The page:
• There is a long history of this kind of thing:
        The Bell Curve: Intelligence and Class Structure in American Life is a 1994 book by American psychologist Richard J. Herrnsteinbshite,

        “The book argued the average genetic IQ of the United States is declining, owing to the tendency of the more intelligent to have fewer children than the less intelligent, the generation length to be shorter for the less intelligent, and the large-scale immigration to the United States of those with low intelligence.”

        Keith Joseph, “In a speech in October 1974, he expressed some of the attitudes towards ‘the lower orders’ that were once common among middle-class eugenicists. He argued that ‘a high and rising proportion of children are being born to mothers least fitted to bring children into the world and to bring them up. They are born to mothers who were first pregnant in adolescence in social classes 4 and 5 … Some are of low intelligence, most of low educational attainment.’ But the killer line was this: ‘The balance of our population, our human stock is threatened.’ Joseph’s message was clear. The poor were breeding too fast, and the danger was they were going to swamp everyone else.”

        Andrew Coates

        March 10, 2016 at 5:49 pm

      • Being poor doesn’t mean your stupid right ?

        Howard Schultz, J.K Rowling,Celine Dion all started out poor.


        March 11, 2016 at 8:37 am

  9. The law & social security. 35hr jobsearch, etc

    2 pages.



    March 10, 2016 at 1:47 pm

  10. Interesting read here:


    March 10, 2016 at 7:00 pm

    • Try this:


      March 10, 2016 at 7:14 pm

      • Lets not forget how many jobs went to EU and none EU migrants.


        March 11, 2016 at 8:38 am

  11. Are all ‘work roaches’ on the £22,500 – £28,000 + EO (Employment Officer) salary? What about the ones you never see do anything other than take signings? £22,500 – £28,000 a year for being sat on your arse signing on jobseekers!? What if you see your work roach stood at the podium, when there was a podium. Does that mean they have been demoted (to a lower salary scale) as a ‘punishment’ or is it part of job rotation? £22,500 – £28,000 for being stood at the podium!? Signing staff can still, and do, raise doubts so does this make them an EO? Or do they have to conduct ‘intervention’ interviews i.e. ‘chats’ to qualify as an EO?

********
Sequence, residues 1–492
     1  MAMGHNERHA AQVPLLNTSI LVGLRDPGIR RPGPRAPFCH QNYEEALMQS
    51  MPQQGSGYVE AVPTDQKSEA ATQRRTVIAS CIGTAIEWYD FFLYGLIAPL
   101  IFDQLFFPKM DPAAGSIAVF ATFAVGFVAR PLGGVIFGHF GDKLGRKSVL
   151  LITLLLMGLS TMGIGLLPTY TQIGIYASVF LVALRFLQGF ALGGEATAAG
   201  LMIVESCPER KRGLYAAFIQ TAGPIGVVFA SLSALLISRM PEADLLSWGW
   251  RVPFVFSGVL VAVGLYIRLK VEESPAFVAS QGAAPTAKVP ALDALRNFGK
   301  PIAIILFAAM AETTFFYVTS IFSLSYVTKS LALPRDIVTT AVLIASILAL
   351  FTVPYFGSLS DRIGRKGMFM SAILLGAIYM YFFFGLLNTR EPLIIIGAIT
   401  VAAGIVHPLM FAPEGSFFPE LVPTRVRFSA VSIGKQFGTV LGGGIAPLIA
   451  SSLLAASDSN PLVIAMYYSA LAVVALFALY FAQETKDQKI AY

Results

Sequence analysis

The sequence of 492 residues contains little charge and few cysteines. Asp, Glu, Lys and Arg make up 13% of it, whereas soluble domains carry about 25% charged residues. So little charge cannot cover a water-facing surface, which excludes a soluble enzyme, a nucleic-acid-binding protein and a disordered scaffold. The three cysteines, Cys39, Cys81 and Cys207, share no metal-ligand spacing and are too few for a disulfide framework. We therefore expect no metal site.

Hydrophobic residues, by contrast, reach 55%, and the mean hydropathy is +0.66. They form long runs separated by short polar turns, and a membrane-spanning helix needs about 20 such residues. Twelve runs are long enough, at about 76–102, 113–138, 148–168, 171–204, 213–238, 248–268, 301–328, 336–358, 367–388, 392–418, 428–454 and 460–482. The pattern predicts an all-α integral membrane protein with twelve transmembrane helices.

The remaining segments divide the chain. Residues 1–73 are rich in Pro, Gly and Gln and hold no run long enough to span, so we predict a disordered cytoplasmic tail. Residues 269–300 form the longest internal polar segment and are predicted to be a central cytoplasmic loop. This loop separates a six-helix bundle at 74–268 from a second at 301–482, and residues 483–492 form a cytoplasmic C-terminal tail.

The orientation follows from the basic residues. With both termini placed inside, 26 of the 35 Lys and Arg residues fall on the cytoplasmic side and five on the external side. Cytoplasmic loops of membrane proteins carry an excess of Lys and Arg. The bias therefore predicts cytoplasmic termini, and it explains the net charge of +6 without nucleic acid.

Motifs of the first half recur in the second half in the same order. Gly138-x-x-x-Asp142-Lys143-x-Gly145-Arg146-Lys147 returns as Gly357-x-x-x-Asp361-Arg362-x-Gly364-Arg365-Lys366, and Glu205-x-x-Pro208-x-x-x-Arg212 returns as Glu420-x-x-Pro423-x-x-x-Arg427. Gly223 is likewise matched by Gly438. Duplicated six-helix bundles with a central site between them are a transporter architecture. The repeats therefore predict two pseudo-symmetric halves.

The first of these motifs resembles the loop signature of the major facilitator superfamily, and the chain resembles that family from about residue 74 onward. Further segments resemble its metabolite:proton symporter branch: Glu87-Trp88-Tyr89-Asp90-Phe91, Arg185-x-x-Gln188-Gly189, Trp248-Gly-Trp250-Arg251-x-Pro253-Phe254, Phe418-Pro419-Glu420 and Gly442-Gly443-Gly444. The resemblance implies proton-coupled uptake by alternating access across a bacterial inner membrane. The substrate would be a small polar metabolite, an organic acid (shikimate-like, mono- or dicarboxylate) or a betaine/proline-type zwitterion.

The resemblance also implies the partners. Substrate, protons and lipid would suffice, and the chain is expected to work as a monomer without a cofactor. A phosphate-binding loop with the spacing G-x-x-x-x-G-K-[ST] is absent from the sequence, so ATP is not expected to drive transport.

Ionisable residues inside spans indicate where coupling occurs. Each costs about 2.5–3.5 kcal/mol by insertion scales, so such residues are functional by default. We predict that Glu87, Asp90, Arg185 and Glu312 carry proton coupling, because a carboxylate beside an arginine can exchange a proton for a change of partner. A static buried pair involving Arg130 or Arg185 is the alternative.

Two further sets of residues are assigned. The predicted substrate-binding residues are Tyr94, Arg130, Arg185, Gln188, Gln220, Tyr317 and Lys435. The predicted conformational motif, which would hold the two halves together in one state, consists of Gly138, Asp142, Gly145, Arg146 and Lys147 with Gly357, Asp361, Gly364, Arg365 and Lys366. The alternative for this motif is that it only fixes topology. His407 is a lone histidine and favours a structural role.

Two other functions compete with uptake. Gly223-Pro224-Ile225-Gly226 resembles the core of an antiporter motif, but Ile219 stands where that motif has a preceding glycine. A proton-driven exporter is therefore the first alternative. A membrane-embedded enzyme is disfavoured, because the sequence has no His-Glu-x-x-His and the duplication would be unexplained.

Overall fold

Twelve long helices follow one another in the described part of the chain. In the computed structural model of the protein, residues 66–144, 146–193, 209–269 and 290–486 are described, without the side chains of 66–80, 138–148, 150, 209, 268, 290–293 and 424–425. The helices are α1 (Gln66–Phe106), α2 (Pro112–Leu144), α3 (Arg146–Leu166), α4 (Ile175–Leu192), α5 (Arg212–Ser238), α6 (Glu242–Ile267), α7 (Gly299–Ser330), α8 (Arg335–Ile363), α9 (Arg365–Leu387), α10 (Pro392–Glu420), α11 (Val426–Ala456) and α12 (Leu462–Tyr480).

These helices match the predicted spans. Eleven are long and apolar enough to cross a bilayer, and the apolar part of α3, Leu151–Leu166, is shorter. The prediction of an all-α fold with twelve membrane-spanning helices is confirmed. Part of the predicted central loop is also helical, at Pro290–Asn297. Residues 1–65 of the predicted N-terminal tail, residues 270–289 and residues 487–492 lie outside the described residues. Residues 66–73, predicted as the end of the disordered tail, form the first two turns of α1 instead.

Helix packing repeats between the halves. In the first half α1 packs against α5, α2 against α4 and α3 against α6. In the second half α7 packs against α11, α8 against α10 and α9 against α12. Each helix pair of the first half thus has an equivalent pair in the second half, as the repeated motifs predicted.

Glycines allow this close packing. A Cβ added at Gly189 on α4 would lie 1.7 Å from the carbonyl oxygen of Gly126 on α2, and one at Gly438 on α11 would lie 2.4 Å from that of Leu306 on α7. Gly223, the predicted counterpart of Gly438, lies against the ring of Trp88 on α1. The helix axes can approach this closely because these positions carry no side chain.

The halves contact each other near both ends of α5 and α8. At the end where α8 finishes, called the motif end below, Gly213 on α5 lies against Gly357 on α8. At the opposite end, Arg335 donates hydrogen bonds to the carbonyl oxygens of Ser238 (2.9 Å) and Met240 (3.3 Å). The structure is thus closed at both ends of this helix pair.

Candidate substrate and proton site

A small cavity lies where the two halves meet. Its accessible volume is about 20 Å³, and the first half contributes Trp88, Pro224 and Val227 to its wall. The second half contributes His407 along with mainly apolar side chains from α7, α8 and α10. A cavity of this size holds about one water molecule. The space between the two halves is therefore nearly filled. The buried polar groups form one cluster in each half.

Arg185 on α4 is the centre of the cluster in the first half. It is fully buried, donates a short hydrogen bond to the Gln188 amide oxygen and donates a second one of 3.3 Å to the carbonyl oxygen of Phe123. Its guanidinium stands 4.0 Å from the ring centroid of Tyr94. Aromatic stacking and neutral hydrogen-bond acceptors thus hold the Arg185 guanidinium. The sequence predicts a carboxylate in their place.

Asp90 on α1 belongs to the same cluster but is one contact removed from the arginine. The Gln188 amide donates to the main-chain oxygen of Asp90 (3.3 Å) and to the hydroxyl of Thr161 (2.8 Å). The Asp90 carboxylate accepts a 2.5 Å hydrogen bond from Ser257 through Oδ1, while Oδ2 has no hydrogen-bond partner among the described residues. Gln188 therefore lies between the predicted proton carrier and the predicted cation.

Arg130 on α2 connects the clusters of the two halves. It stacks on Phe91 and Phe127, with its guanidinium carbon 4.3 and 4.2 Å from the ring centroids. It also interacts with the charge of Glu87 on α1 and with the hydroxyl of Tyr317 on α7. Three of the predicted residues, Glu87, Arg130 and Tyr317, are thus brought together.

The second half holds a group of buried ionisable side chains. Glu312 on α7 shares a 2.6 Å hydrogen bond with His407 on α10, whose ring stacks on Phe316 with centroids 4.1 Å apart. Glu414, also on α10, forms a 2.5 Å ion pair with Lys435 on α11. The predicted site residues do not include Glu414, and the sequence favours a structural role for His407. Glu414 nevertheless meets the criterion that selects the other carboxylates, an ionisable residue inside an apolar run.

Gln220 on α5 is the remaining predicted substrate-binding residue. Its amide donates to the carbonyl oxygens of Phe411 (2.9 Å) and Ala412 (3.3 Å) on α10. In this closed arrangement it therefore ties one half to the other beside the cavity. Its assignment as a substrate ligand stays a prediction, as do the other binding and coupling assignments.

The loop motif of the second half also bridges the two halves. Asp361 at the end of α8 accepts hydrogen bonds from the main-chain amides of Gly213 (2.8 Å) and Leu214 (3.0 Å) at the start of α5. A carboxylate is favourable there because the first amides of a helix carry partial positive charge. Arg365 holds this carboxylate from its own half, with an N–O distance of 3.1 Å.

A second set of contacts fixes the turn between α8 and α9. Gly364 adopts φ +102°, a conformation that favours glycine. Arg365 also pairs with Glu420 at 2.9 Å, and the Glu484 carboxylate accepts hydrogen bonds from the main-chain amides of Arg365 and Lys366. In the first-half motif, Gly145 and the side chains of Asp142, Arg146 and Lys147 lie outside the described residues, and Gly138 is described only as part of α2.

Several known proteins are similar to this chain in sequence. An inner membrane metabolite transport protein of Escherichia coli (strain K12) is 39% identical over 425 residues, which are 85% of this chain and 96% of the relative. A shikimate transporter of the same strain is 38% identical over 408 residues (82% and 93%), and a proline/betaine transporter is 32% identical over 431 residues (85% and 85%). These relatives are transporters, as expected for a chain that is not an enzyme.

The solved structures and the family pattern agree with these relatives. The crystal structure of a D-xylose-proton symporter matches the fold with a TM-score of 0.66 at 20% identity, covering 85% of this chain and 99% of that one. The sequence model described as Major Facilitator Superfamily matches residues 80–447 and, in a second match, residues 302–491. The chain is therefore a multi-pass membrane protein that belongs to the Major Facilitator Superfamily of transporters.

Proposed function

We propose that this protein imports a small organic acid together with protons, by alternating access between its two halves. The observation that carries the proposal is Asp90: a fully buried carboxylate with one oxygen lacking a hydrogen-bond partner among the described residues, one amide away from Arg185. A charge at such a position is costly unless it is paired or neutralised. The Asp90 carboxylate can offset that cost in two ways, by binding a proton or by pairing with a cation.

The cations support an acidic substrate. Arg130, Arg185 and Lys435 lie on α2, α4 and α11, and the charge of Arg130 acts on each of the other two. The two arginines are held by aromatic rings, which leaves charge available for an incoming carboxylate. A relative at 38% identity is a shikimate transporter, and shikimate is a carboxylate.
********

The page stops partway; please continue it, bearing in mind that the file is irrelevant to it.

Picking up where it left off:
March 11, 2016 at 8:32 am

  12. Iain Duncan Smith claims people THANK him for stopping their benefits


    What a load of old tosh, people thanking IDS. I would like to see the letters please IDS if you don’t mind, especially in the light of that fraudulent sanction literature you put and had to remove once it was found to be completely false.

    He once claimed,people who were sanctioned went onto sign off and work (no evidence ever presented) so this is a bit of a climb down considering its now only improves their focus. tosh, tosh, pure tosh.


    March 11, 2016 at 8:55 am

    • A spokesperson for the Department for Work and Pensions (DWP) was not immediately able to back up Mr Duncan Smith’s claim.

      Who’d have guessed.

      Another Fine Recession

      March 11, 2016 at 2:37 pm

  13. Notice how mostly all benefit fraudsters get suspended jail terms ?

    Hmmm, could it be because jail costs more and taxpayers cant get their money back when the accused asks the court to turn their debt into prison time and see it run concurrent to their fraud charge perhaps ?

    Its a proven fact, it costs the taxpayer way more even without prison costs than will ever be recovered through court fines/costs.


    March 11, 2016 at 8:59 am

  14. Family is something economists struggle to measure (a fact stab at Perkins)


    Oh dear, looks like besides the Adam Smith institute, no one thinks Dr Adam Perkins talks anything other than sh*t.


    March 11, 2016 at 9:07 am

  15. Just to remind everybody:

    Andrew Coates

    March 11, 2016 at 10:57 am

    • It will be something that millions of people will never forget.


      March 11, 2016 at 1:08 pm

      • What amazes me unless IDS doesn’t do the internet, that the net isn’t like peoples minds, that everything you say and do is forever immortalized and can be dragged up and thrown into peoples faces at a moments notice.
        Even when the government remove things of theirs or politicians, do they seriously think it disappears at the press of the delete button, have they never heard of harvest bots (go by many names) you capture everything on the net and archive it including all the edits not to mention times dates,etc.